diatonic scale

NOUN
  1. a scale with eight notes in an octave; all but two are separated by whole tones
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How To Use diatonic scale In A Sentence

  • There is no doubt that Archytas knew of this diatonic scale, but his own diatonic tetrachord was somewhat different, being composed of the intervals 9: 8, 8: 7 and 28: Archytas
  • The seventh tone in diatonic scale in solfeggio.
  • 'They were christened from the Greek diatonic scale, and make up two conjunct tetrachords, if you know what that means.' Gryll Grange
  • We have already remarked that the current medieval theory laid down for the tone system a heptatonic diatonic scale of about two octaves with the addition of b flat in the higher octave. The Catholic Encyclopedia, Volume 12: Philip II-Reuss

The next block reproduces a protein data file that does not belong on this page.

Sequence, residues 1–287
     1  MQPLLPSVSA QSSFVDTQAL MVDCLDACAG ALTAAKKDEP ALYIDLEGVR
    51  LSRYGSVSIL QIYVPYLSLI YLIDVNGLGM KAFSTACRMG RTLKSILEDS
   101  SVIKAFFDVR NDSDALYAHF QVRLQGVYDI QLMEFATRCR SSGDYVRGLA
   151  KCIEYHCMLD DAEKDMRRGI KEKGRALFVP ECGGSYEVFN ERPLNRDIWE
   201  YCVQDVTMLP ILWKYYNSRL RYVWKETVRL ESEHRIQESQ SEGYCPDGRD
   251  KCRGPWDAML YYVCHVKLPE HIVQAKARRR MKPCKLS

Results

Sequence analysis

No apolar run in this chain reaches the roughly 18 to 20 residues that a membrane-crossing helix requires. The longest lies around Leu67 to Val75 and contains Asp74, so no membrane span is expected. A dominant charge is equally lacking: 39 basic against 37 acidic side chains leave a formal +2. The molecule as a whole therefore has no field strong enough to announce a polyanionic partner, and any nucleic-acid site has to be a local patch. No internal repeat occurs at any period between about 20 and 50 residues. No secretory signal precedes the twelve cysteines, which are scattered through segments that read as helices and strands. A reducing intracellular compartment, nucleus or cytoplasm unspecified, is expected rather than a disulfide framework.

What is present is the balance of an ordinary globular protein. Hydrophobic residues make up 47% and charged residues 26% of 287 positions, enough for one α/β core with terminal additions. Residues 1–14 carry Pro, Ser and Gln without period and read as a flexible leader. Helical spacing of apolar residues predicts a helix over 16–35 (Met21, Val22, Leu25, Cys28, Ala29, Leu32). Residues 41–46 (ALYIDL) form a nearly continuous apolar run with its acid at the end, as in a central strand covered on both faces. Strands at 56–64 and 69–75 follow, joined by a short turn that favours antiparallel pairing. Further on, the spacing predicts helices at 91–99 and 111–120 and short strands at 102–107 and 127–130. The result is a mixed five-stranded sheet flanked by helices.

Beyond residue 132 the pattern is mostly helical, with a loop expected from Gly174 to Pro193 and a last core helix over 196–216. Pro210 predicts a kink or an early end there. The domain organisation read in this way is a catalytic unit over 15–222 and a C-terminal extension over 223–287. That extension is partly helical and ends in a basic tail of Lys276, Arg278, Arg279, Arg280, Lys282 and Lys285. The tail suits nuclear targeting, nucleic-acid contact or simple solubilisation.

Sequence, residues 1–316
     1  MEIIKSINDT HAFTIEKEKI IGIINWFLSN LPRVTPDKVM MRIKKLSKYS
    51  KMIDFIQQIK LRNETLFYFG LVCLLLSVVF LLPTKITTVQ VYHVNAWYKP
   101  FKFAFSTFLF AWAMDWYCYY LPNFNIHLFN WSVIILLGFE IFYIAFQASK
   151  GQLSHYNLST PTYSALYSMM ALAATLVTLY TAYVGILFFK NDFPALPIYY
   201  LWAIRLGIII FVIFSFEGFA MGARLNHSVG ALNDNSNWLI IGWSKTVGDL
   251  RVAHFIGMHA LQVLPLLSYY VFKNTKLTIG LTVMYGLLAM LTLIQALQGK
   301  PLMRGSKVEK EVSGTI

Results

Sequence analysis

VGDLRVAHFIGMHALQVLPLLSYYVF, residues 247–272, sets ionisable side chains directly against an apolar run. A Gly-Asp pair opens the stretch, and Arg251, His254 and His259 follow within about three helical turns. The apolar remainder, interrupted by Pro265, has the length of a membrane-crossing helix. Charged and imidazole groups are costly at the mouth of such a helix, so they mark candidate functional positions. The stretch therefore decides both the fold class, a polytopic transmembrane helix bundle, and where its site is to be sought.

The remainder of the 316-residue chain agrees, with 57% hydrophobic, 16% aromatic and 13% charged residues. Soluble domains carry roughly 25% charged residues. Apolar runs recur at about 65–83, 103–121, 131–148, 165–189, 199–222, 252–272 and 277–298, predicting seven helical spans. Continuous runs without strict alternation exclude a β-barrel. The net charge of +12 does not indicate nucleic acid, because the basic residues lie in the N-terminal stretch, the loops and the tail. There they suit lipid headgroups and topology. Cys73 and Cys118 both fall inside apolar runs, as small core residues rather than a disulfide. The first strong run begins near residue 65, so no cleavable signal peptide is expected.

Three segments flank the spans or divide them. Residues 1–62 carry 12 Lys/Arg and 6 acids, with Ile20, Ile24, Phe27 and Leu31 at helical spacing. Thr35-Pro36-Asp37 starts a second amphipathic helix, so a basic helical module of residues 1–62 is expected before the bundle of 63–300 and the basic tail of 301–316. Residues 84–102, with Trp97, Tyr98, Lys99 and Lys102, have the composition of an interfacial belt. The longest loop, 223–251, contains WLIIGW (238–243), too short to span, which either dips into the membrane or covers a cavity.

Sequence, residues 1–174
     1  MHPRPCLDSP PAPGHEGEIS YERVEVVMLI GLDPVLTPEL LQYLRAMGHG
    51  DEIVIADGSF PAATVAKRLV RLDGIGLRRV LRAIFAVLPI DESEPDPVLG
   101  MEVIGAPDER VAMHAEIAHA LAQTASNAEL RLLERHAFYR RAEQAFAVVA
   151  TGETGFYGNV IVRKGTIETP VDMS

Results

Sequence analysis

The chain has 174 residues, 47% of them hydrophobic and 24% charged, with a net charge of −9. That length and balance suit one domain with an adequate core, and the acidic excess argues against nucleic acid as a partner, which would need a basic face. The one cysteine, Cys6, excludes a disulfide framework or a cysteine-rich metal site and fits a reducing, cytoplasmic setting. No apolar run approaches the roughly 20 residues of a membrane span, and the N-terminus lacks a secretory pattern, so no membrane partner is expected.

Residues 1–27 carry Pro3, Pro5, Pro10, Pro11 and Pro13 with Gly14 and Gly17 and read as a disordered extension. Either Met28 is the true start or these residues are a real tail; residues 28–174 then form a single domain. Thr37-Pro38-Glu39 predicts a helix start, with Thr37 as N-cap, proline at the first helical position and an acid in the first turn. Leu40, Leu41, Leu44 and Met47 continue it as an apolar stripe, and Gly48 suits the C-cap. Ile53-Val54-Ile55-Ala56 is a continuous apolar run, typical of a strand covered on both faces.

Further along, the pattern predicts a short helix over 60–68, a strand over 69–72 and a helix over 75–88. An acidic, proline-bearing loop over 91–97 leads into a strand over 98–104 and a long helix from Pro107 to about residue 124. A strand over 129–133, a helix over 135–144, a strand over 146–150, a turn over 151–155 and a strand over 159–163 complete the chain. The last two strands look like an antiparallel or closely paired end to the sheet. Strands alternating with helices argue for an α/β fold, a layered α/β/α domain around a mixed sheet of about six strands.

• In tonal music the intervals between the successive pitches are not literally replicated but become the equivalents within the diatonic scale.
  • The fingering indicated is performed easily by a student with modest hand size and capitalizes on diatonic scale patterns.
  • Like the diatonic scale, it may begin on any degree.
  • Remove the fourth and seventh scale degrees from the familiar "do-re-mi" diatonic scale — or F and B — and you will reach the same C D E G A sequence. Amazing grace, in the key of black
  • In music, India gave to the world her system of notation, with the seven cardinal notes and the diatonic scale, all of which we enjoyed as early as 350 B.C., while it came to Europe only in the eleventh century.
  • Now, the diapason is the ad interium, or interval betwixt and between the extremes of an octave, according to the diatonic scale. Gov. Bob. Taylor's Tales
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